Although based on the real-life tale of nine underage underdogs from Monterrey, Mexico who swept the 1957 Little League World Series, this Cinderella sports story rings false from first pitch to last. Boys can’t just be boys here—they need to be pint-size saints, keeping the faith and crusading against racism. With God fully on our side—the Christian sermonizing leans heavily on vague, theologically dubious suggestions of divine baseball providence—there’s not even a swing-and-a-miss threat to the preordained outcome.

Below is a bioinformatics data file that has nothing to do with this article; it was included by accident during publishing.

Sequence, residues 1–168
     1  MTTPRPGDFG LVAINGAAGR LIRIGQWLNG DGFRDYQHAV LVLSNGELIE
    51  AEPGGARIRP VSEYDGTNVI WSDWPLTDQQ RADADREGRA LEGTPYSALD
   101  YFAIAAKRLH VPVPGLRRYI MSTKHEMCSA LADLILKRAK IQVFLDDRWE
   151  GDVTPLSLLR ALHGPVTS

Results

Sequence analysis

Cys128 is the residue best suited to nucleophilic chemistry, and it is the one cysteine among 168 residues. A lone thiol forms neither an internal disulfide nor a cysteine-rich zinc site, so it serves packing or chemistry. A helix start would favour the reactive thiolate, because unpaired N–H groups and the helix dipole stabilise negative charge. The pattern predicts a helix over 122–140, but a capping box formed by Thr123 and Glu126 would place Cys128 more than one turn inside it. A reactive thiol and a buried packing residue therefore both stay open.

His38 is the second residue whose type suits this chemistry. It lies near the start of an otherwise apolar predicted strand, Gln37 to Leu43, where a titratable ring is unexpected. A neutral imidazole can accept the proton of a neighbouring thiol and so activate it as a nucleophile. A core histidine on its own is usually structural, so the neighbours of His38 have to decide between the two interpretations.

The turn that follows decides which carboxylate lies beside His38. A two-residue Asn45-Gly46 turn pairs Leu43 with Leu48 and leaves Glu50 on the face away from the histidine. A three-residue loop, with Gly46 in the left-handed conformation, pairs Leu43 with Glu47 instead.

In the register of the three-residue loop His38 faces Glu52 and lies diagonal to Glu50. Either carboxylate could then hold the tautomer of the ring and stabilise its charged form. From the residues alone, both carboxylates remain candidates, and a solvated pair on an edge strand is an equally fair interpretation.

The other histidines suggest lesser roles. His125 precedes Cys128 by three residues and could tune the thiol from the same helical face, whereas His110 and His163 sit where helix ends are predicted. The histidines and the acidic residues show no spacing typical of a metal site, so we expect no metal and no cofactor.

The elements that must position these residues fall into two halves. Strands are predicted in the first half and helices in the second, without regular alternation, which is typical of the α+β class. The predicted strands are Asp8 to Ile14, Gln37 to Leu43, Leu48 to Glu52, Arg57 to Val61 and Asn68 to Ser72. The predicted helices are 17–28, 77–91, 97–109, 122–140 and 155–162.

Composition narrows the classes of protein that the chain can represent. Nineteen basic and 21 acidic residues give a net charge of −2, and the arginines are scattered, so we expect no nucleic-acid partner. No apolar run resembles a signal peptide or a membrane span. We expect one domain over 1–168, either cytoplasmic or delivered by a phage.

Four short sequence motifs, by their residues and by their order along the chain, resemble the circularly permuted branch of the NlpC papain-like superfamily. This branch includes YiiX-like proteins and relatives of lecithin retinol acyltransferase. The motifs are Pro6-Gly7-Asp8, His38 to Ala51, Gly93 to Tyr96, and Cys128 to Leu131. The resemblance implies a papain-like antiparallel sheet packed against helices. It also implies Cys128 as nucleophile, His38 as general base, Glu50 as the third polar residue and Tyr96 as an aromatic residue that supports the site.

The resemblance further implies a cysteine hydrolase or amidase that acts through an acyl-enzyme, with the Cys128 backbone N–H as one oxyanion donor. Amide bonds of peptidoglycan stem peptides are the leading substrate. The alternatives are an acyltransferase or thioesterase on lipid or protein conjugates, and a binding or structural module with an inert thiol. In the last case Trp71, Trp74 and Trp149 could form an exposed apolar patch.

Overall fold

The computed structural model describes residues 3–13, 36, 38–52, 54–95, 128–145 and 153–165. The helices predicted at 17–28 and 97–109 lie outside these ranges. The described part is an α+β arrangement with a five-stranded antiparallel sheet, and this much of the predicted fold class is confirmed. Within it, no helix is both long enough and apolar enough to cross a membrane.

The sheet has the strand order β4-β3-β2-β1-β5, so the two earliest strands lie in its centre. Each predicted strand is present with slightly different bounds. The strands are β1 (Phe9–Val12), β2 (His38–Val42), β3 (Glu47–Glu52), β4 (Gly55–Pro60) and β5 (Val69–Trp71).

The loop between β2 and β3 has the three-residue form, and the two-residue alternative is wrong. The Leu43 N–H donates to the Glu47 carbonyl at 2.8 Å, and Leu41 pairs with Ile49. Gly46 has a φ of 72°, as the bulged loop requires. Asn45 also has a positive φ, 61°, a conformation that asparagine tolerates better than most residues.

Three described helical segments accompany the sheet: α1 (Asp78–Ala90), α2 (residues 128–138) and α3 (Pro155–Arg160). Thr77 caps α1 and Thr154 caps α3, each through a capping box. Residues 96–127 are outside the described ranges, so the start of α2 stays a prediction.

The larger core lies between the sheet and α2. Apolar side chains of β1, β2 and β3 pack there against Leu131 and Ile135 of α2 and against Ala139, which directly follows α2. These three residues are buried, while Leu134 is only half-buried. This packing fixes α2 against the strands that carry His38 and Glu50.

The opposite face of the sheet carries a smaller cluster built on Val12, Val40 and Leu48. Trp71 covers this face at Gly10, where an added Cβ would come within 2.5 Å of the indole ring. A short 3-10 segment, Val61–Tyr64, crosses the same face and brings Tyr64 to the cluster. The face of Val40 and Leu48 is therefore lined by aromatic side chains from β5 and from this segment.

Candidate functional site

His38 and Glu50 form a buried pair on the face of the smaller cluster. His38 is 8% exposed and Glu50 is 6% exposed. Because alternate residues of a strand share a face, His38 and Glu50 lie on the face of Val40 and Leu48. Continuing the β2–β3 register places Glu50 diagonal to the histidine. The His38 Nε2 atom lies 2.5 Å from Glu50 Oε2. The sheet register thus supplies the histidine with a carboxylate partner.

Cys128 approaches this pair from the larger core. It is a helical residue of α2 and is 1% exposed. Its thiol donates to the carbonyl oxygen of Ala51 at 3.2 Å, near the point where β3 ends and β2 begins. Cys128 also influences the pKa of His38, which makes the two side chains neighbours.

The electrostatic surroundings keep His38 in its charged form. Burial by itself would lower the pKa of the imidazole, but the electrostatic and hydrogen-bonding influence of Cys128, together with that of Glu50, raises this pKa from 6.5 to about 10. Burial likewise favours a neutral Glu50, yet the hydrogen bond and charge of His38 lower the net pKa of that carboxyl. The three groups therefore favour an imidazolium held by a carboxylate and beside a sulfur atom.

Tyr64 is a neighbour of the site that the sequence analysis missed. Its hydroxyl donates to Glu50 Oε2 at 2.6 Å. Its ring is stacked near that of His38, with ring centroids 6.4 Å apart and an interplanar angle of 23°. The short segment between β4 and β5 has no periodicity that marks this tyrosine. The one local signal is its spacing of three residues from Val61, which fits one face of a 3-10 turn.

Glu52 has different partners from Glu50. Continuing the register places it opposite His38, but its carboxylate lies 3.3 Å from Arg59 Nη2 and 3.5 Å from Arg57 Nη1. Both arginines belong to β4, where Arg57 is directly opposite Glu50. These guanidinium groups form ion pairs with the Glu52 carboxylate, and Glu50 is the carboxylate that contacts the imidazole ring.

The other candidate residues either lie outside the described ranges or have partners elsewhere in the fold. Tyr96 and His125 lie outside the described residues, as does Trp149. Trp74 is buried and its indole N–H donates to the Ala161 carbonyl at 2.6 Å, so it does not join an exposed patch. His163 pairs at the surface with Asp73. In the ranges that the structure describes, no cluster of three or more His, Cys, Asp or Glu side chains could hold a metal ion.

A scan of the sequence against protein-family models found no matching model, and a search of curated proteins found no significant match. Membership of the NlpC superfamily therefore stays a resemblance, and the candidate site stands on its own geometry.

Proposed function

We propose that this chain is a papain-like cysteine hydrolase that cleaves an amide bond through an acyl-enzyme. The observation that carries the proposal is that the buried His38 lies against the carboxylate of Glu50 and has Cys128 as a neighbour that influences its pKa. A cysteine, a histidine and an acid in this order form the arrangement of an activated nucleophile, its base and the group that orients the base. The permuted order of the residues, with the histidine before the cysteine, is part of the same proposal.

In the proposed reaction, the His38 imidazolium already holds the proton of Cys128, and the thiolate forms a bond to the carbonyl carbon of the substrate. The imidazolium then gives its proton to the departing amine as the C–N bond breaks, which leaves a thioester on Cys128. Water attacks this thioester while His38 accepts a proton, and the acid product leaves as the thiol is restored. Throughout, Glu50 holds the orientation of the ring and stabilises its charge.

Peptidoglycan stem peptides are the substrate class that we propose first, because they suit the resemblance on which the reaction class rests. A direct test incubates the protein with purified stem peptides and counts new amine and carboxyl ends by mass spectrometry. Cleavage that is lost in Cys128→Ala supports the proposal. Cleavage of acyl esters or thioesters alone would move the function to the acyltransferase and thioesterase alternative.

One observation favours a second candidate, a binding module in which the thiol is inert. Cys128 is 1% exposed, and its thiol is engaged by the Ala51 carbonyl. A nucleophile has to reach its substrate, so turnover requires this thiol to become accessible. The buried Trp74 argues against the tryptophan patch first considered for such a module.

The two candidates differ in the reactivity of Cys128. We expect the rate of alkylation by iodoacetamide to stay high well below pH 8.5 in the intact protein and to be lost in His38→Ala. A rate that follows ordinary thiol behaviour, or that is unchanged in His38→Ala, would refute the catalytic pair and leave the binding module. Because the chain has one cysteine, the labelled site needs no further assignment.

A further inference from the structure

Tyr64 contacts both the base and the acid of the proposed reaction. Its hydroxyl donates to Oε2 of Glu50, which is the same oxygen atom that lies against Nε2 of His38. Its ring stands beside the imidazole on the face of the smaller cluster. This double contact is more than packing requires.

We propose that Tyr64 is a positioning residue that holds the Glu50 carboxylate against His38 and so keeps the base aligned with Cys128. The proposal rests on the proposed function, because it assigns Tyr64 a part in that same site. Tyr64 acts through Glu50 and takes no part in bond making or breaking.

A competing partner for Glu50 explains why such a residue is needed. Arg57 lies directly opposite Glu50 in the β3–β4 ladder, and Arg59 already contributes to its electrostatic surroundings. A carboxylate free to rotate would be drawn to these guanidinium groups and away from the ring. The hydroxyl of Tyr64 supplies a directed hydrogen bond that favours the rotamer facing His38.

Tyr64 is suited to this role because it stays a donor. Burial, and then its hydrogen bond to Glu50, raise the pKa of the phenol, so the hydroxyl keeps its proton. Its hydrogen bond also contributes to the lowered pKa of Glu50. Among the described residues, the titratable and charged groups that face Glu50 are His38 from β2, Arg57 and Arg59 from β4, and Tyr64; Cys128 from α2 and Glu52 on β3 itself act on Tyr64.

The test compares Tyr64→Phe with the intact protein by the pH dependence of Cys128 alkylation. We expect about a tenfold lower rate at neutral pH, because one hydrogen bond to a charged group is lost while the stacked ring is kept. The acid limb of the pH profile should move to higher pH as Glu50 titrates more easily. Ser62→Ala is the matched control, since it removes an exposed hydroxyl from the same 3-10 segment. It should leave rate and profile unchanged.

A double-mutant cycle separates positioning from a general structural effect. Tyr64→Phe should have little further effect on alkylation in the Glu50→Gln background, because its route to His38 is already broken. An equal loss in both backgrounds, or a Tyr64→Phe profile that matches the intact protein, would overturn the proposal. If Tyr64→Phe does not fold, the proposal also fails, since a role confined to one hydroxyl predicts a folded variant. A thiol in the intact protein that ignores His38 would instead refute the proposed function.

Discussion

Recently fired MLB janitor Cesar (Collins) retreats south of the border to booze, scowl and don a wife-beater, until a kid named Angel (!) strong-arms him into coaching the town’s fledgling ball team. Along with the local priest (Marin), Cesar shepherds them to the promised lands—otherwise known as Texas and Kentucky—and then to the championship, where the film belabors its namesake. Director William Dear, apparent king of baseball devotionals (Angels in the Outfield, The Sandlot 3), betrays no understanding or respect for how the game is actually played: He harps on home-run money shots in which balls limply fly as if they were being controlled by string, remote control or the ghost of Ed Wood. The Perfect Game courts its target demos like a leg-humping hound, but sports fans, believers, Latinos and even young wanna-be Willie Mayses can find fellowship elsewhere.